From the Green Bay Packers’ Cheeseheads to Philadelphia’s Phillies Phanatics, sports fans are famously devoted to their teams. Several publishers are tapping into that potential market with books that promise a peek inside the locker room, offer a new look at a historic season, or capture the excitement of a recent championship win.
“For us, it’s about the team’s fan base,” says Andrea Baird, marketing manager for Chicago-based Triumph Books. “In terms of regional publishing, there’s a nice balance between large markets, such as New York and Boston, and smaller [geographic] markets... with teams whose fan bases extend well beyond their area, such as St. Louis and Green Bay.”
Triumph produces several series that delve into the minutiae of individual teams: 100 Things, If These Walls Could Talk, and the new Numbers Don’t Lie. The publisher has also gained recognition for its “instant books,” which are shipped to retailers within three days after a national championship game is played.
For the recent New England Patriots’ nail-biting Super Bowl win, Triumph partnered with the Boston Globe to produce the paperback Pumped. (Undeniable, a photo-driven hardcover also published in partnership with the Globe, took a few weeks longer to prepare.) Before the game, the publisher prepared two placeholder covers for Pumped—one for each adversary—with an ISBN ready for both possible books. That made it possible for Pumped to be posted to Pinterest and tweeted within 15 seconds of the game’s conclusion. (Pumped is this week’s third-bestselling sports book, according to Nielsen BookScan; see the rest of the top 10 on the Bestseller Stat Shot, p. 3. The official cover, featuring a photo from the game, hit social media the next day. Triumph printed 50,000 copies of Pumped for distribution to retailers, including big-box stores, drugstore chains, and booksellers.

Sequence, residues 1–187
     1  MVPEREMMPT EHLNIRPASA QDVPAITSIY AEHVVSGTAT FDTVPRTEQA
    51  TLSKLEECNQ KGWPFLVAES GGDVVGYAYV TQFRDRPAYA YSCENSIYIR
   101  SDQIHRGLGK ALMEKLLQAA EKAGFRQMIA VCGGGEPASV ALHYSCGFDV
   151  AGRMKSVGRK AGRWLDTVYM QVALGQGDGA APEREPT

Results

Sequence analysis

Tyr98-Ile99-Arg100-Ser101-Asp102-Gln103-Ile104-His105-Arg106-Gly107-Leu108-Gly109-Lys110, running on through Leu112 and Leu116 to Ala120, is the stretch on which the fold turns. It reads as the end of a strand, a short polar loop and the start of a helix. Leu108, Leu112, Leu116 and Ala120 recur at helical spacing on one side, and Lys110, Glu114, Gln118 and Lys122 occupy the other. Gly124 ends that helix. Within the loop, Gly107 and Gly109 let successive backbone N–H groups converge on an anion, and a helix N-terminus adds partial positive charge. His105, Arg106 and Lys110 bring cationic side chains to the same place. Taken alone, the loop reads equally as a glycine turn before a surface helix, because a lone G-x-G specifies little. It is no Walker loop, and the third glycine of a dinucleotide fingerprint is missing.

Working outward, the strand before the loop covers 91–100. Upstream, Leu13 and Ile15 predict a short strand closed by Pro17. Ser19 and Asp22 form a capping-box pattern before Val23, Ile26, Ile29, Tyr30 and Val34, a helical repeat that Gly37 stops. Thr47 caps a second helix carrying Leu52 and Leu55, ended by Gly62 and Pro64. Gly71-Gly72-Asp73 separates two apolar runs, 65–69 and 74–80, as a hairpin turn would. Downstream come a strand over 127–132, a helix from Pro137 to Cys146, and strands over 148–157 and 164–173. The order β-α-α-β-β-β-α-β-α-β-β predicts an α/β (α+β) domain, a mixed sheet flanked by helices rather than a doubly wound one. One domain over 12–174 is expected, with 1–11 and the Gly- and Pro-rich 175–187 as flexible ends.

In addition to its annual Super Bowl titles, Triumph prints instant books for all major championships, from the World Series and the Stanley Cup Finals to the men’s NCAA football tournament. Several university presses also publish collegiate sports titles as well as books on the pros. In April, University of Minnesota Press is releasing Tony Oliva: The Life and Times of a Minnesota Twins Legend, by Thom Henninger, a Baseball Digest associate editor and St. Paul native. On deck for Syracuse University Press is Leveling the Playing Field: The Story of the Syracuse 8, by David Marc (June), about the African-American members of the 1969–1970 SU football team. Texas A&M University Press is launching the Spirit of Sport series in the fall; the inaugural list includes Cougars in the Crosshairs: Courageous Coaches Integrate College Athletics in the South, by Robert D. Jacobus, about the 1968 University of Houston Cougars’ upset of the UCLA Bruins.
“We’re fans, too,” says Tom Swanson, regional and special sales manager for University of Nebraska Press. “When it comes to regional sports, who better than a regional publisher to provide the fan base with great books?”Swanson points to a robust sports publishing list, whose forthcoming titles include a few of local interest: Forever Red: More Confessions of a Cornhusker Fan, by Steve Smith (Sept.), and Nebrasketball: Coach Tim Miles and a Big Ten Team on the Rise, by Scott Winter (Oct.).
Sports Publishing, which Skyhorse acquired at the end of 2010, is another producer of focused series for superfans. The imprint’s Game of My Life series looks at some of the biggest moments in a team’s history; the Tales From series brings readers to the sidelines, the dugout, and the locker room. Bill Wolfsthal, Skyhorse executive director of sales and marketing, says standalone books such as Legends of N.C. State Basketball: Dick Dickey, Tommy Burleson, David Thompson, Jim Valvano, and Other Wolfpack Stars (Mar.) also do well. He expects to sell 10,000–20,000 copies of the N.C. State title, based on sales of other books on “brand name” college basketball and football programs; the book, he predicts, will sell for years on backlist.
“We’re not publishing books for the 114 million people who watched the Super Bowl this year,” Wolfsthal says. “We’re publishing for the people who year-round live, eat, and drink football.”